Great variety in cup competition
Morpeth Camera Club
On March 26, the club welcomed Stephen Fowler, of Ryton and District Camera Club, to announce the results of the Bates Cup, a projected digital image landscape competition.
He is a respected NCPF judge for club and interclub competitions and we looked forward to hearing his comments.
Among the 50 entries submitted were scenes of Rothbury, Alnwick Castle, rocky shorelines, marinas, villages, sunlit fells and foliage framing snowfall, which contrasted with multi-coloured night shots of the Tyne bridges.
There were many seascapes, some serene with azure bands of colour under clear skies, others with dark seas under storm clouds.
Also included were mossy hollows with peat-coloured streams, English pastoral scenes, and a humorous lone tree in snow. There were peach, pink and mauve sunsets, sunbursts through woodland, and an iconic view from Holy Island.
Further afield we saw the amazing lunar landscape around Mount Teide, an ornate French church reflected in a river, a New York cityscape, Tuscan olive groves, terracotta tiled rooftops in an old Mexican town, and snow-laden mountain peaks.
Prominent in this year’s competition were dramatic skies with beautiful cloud formations, reflecting the varied weather patterns we enjoy in this lovely part of the country.
Highly Commended were Glencripesdale, Loch Sunart by Sophie Elliott-Edwards, of a rusty barge used as a temporary jetty, which Stephen admired for its textures and composition; Winter Skies by Alan Harle, with snowy hills, awarded for its subtle shades of gold, grey and blue; A View To Dunstanburgh Castle by Mark Harrison, water leading the eye to the castle, which was admired for its soft hues and composition; and Kyle of Tongue by Stephanie Robson, a peaceful composition of water leading to grey mountains.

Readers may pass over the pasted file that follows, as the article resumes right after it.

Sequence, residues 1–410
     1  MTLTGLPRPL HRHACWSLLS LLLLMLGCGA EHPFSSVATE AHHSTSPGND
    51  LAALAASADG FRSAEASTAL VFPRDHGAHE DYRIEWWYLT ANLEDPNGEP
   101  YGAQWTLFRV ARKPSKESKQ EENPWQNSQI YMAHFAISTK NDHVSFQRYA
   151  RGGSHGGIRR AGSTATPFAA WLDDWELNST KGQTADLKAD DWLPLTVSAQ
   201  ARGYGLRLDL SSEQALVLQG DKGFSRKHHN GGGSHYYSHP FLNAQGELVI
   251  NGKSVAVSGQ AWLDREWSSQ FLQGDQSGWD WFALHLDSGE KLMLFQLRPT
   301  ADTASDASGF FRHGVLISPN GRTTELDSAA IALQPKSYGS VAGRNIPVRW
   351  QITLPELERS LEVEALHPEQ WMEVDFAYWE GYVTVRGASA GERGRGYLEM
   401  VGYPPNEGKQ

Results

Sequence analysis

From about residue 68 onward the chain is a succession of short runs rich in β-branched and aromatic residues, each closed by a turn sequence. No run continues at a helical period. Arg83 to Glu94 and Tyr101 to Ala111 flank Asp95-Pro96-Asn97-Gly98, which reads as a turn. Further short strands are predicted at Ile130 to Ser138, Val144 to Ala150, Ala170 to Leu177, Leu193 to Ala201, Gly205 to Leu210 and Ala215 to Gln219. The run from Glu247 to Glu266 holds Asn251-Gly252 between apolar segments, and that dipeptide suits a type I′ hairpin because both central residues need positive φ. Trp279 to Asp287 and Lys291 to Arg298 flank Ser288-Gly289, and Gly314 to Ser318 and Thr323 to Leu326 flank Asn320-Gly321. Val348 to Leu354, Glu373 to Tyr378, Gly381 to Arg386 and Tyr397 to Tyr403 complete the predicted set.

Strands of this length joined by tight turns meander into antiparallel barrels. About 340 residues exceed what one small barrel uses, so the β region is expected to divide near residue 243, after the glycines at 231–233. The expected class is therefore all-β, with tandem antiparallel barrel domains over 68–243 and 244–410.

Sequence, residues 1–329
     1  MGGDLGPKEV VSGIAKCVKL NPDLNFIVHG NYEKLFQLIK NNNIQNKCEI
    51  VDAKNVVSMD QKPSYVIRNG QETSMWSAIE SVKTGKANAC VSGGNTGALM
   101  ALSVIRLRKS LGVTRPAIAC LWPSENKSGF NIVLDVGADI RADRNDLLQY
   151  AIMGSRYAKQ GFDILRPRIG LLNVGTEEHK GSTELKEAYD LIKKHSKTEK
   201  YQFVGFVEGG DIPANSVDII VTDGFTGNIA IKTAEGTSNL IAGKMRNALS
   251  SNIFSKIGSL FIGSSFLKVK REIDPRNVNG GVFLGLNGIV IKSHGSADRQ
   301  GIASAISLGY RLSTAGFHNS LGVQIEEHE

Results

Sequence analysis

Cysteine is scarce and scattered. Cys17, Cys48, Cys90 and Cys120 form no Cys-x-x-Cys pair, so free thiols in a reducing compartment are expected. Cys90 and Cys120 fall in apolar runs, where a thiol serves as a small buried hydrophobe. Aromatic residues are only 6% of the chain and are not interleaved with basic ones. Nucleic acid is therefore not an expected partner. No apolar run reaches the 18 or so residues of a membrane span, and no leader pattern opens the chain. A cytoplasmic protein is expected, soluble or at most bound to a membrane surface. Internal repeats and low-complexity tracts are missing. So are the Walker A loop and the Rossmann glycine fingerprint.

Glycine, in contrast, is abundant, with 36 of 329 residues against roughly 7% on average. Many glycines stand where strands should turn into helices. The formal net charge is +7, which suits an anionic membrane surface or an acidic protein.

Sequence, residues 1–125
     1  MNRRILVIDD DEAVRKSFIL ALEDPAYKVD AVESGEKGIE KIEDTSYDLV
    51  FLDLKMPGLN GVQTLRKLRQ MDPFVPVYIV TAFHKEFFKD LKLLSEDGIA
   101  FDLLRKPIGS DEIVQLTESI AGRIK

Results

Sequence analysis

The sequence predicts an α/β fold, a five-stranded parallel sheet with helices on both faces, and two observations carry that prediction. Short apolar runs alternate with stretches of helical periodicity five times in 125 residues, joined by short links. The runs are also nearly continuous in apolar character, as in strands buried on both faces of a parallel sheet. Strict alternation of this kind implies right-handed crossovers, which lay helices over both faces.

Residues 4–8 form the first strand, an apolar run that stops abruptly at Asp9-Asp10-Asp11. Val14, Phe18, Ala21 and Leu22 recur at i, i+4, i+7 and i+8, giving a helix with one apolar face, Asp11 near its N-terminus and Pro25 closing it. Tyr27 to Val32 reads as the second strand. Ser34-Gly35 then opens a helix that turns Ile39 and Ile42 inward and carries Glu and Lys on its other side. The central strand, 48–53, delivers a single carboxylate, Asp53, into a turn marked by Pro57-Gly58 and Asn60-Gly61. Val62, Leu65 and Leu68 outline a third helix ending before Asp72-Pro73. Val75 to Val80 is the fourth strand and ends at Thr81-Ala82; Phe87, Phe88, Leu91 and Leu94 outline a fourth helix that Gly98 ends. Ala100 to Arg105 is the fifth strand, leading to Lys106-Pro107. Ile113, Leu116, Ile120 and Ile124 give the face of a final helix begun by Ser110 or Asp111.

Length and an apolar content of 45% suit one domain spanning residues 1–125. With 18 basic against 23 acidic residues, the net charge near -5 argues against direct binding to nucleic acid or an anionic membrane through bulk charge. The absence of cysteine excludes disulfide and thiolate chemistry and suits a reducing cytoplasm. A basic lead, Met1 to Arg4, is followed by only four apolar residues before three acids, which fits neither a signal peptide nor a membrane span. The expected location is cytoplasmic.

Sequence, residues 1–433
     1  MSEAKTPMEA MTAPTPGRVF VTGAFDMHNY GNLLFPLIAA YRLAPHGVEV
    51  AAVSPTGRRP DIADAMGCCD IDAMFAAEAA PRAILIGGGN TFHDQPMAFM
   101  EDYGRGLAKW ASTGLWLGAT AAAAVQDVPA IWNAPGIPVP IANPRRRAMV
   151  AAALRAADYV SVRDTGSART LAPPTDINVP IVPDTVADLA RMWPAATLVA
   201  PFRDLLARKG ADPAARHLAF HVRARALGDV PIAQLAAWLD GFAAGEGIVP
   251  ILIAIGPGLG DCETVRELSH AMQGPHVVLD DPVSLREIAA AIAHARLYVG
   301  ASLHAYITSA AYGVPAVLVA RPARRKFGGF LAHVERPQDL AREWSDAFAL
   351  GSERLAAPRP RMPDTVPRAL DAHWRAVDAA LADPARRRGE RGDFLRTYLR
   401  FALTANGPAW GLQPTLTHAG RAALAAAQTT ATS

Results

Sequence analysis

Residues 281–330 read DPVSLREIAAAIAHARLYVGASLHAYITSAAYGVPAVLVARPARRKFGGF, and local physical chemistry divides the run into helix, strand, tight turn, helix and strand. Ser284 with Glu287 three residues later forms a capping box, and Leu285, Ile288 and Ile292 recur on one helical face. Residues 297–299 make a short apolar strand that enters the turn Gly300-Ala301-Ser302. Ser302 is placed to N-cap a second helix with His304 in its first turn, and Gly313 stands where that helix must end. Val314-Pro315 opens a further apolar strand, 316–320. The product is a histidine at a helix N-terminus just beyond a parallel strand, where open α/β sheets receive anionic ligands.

Fifth place was awarded to Mark Harrison for Rydal Hall Grot, which Stephen described as a powerful image of a waterfall. With a slow shutter speed to soften the water, Mark had maintained the detail in the rocks.
Fourth was Sophie Elliott-Edwards with a seascape entitled Howick. The judge said the swirls of water had lovely textures and subtlety, with a lovely sky.
Third place, with Mumbai Sunrise, was Paul Appleby. Describing it as different, the judge loved the row of ferry boats moored up and the ghostly cargo ships, all set in pink shot shimming water, set off by a perfect pink sun.
Sophie Elliott-Edwards came second with Bamburgh Castle; awarded for the stunning colours, great depth of field, detailed rocks, rippling water, glorious sky and detail.
First was Davy Bolam with Sugar Sands Seascape. The judge was drawn to the banks of horizontal colours of blue and gold, clouds gently reflected in the sand and its subtlety and texture.
Secretary Dave Bisset thanked Stephen for assessing so many images and providing constructive comments, especially as there was such a variety of work.